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Solution method for discrete double obstacle problems based on a power penalty approach

  • * Corresponding author: Kai Zhang

    * Corresponding author: Kai Zhang 
Abstract Full Text(HTML) Figure(3) / Table(3) Related Papers Cited by
  • We develop a power penalty approach to a finite-dimensional double obstacle problem. This problem is first approximated by a system of nonlinear equations containing two penalty terms. We show that the solution to this penalized equation converges to that of the original obstacle problem at an exponential rate when the coefficient matrices are $ M $-matrices. Numerical examples are presented to confirm the theoretical findings and illustrate the efficiency and effectiveness of the new method.

    Mathematics Subject Classification: Primary: 90C33, 90-08; Secondary: 65K15.

    Citation:

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  • Figure 1.  Solution $ U(s) $ with $ N = 99 $. The solution is obtained with the lower order penalty method ($ k = 2 $). Tolerance $ \varepsilon = 10^{-6} $ is chosen for the Newton iteration. The smoothing interval is chosen to be $ (0,10^{-3}) $. $ \lambda = 10^{3} $

    Figure 2.  Solution $ u(x,y) $ with the mesh grid $ 60 \times 60 $, obtained with the lower order penalty method ($ k = 2 $). Tolerance is set to be $ 10^{-6} $. $ \epsilon = 10^{-3} $. $ \lambda = 10^{3} $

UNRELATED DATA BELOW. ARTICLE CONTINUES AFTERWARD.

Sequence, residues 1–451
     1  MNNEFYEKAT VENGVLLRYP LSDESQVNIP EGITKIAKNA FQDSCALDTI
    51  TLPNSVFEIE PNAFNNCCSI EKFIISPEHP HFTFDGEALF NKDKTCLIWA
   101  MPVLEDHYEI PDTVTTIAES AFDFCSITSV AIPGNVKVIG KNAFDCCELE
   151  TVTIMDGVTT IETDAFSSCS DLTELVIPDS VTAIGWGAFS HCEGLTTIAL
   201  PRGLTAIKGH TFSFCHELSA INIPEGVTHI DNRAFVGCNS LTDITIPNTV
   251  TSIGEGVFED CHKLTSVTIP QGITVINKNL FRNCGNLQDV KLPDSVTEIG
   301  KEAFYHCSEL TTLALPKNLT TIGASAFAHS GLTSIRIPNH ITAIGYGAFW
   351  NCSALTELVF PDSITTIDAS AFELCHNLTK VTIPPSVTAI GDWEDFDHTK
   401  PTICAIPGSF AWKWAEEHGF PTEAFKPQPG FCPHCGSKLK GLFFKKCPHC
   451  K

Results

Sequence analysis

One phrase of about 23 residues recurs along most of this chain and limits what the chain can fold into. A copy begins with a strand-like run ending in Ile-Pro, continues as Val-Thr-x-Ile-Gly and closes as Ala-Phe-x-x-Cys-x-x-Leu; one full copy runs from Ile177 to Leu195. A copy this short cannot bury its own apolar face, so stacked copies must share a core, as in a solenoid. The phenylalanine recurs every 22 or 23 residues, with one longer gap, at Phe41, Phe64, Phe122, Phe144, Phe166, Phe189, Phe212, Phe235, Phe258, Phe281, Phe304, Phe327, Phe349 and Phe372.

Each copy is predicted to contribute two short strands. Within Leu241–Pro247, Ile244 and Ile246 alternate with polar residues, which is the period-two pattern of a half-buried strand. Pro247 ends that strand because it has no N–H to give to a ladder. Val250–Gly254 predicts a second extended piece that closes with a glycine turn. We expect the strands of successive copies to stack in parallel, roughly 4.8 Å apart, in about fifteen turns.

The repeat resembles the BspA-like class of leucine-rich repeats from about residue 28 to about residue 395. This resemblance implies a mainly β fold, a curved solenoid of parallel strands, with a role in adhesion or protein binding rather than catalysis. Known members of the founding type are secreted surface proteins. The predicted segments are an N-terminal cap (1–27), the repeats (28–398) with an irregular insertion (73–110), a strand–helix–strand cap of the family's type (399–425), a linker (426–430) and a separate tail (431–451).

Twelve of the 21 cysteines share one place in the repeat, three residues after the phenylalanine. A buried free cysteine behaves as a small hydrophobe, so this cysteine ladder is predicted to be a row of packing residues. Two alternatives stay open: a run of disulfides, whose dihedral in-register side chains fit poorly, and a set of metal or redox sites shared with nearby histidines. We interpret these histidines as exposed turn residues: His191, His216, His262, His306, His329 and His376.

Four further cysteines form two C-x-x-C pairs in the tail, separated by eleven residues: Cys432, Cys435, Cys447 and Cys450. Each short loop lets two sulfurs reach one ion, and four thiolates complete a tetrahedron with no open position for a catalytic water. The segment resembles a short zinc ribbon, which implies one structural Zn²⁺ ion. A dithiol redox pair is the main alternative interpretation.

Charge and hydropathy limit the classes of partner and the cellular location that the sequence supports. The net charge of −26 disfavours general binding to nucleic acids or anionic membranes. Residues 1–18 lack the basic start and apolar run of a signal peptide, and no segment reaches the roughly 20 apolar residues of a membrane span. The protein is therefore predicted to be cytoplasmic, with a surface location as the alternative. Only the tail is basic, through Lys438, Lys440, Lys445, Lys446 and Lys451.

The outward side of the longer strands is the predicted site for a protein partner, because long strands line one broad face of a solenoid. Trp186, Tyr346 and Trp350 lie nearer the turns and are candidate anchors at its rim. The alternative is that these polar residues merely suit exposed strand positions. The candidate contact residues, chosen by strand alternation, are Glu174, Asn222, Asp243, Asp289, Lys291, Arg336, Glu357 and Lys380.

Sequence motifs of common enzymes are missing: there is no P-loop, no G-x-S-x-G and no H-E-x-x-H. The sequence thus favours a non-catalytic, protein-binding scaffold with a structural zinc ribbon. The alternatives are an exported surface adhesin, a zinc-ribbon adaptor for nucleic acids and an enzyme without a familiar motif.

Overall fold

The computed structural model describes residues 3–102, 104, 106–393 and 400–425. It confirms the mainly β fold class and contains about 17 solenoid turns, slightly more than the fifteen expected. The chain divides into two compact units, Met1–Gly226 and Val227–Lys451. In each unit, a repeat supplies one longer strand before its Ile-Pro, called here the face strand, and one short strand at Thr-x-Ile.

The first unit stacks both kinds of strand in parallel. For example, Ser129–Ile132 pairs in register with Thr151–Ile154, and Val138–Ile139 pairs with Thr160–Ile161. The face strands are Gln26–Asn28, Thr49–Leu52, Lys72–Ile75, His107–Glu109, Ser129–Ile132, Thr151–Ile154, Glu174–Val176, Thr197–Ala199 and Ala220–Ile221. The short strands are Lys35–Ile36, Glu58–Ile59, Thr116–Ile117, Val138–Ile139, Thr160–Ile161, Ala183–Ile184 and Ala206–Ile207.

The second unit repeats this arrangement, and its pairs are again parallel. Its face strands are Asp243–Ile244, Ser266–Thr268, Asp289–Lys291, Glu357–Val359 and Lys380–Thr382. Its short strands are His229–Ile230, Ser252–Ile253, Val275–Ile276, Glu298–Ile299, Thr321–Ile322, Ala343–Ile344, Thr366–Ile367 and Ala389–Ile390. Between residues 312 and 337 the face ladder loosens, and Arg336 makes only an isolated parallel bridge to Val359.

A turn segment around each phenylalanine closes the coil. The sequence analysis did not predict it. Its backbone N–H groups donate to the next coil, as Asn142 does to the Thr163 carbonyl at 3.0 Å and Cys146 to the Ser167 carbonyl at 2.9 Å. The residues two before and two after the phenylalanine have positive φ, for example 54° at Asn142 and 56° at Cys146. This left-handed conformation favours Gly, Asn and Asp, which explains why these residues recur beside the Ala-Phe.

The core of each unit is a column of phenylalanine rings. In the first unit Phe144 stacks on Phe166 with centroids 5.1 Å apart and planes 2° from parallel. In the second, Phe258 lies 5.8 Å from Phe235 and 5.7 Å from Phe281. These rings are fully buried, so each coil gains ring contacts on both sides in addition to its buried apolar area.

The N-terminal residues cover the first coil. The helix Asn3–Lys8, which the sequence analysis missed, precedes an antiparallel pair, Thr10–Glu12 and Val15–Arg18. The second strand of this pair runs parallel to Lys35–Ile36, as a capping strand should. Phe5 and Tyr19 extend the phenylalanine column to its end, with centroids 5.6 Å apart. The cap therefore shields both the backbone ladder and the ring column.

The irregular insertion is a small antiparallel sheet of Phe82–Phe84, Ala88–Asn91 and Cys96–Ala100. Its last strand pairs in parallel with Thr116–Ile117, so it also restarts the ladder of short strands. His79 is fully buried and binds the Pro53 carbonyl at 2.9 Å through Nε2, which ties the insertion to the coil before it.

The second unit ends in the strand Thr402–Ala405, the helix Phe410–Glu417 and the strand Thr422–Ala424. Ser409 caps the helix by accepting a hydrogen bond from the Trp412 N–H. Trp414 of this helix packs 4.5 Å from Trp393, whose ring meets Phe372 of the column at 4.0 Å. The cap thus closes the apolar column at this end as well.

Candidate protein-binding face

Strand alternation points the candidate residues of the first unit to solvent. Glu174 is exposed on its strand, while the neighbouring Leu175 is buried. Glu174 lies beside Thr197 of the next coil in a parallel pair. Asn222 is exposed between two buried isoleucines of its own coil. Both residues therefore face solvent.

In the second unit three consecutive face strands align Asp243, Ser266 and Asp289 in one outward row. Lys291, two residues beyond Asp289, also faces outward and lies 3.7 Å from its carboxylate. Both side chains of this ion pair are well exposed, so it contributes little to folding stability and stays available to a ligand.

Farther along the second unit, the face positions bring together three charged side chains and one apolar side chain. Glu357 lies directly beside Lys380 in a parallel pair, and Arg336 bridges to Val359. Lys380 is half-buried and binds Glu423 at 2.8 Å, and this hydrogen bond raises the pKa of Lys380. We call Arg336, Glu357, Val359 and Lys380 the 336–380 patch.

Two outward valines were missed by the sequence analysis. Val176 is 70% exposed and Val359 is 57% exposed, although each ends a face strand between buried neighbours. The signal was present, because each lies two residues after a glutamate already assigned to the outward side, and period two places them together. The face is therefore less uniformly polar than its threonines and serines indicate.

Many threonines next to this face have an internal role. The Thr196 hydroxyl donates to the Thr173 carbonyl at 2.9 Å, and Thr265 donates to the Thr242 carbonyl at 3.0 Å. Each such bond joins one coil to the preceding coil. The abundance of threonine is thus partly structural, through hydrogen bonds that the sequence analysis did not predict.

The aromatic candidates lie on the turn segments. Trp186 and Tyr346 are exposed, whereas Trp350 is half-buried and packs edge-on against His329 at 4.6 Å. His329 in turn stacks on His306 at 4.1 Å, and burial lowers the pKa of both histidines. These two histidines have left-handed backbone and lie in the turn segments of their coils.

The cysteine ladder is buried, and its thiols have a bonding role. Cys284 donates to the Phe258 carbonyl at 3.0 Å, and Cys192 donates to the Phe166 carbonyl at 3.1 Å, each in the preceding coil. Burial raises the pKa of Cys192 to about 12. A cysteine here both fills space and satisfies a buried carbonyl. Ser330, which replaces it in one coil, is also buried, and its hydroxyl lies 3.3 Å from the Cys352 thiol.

Figure 3.  The lower coincidence sets (dot '$ \cdot $') and the upper coincidence sets (star '$ \ast $') of solution $ u(x,y) $ on the mesh grid $ 60 \times 60 $. The solution is obtained with the lower order penalty method ($ k = 2 $). Tolerance $ \varepsilon = 10^{-6} $ is chosen for the Newton iteration. The smoothing interval is chosen to be $ (0,10^{-3}) $. $ \lambda = 10^{3} $

    Table 1.  Results computed by the power penalty method. Tolerance $ \varepsilon = 10^{-6} $ is chosen for the Newton iteration. The smoothing parameter $ \epsilon = 10^{-3} $. 'Ra' stands for ratio

    $k=1$ $k=2$
    $\lambda_{i}$ $[x_{\lambda_{i}}]_{1}$ $[x_{\lambda_{i}}]_{4}$ $\Vert x-x_{\lambda_{i}}\Vert_{\infty}$ Ra $\lambda_{i}$ $[x_{\lambda_{i}}]_{1}$ $[x_{\lambda_{i}}]_{4}$ $\Vert x-x_{\lambda_{i}}\Vert_{\infty}$ Ra
    $10^{2}$ $0.5119$ $5.3052$ $6.25\times10^{-1}$ $10^{2}$ $0.9985$ $5.0011$ $2.81\times10^{-1}$
    $10^{3}$ $0.9430$ $5.0327$ $6.49\times10^{-2}$ $0.98$ $10^{3}$ $0.9998$ $5.0002$ $2.85\times10^{-3}$ $1.99$
    $10^{4}$ $0.9942$ $5.0033$ $6.59\times10^{-3}$ $0.99$ $10^{4}$ $0.9999$ $5.0001$ $4.93\times10^{-5}$ $1.76$
    $10^{5}$ $0.9994$ $5.0003$ $6.60\times10^{-4}$ $1.00$ $10^{5}$ $1.0000$ $5.0000$ $6.90\times10^{-6}$ $1.69$
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    Table 2.  Total number of iterations for the linear penalty ($ k = 1 $), lower order penalty ($ k = 2 $), and modified policy methods with $ N = 99 $. Tolerance is set to be $ 10^{-6} $. $ \epsilon = 10^{-3} $. $ \lambda $ is set to be $ 10^{6} $ and $ 10^{3} $ for $ k = 1 $ and $ k = 2 $, respectively

    $ k=1 $ $ k=2 $ Modified policy iter.
    Iterations 9 12 88
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    Table 3.  Comparison of computational efficiency among power penalty methods, Gauss-Seidel iteration method and active set method. Tolerance is set to be $ 10^{-6} $. $ \epsilon = 10^{-3} $. $ \lambda $ is set to be $ 10^{6} $ and $ 10^{3} $ for $ k = 1 $ and $ k = 2 $, respectively

    $k=1$ $k=2$ Gauss-Seidel Active set
    $N=49$ Iterations 11 16 426 Failed
    Time (s) 1.26 1.89 32.81 Failed
    $N=59$ Iterations 15 17 740 17
    Time (s) 7.78 8.96 198.7 6.43
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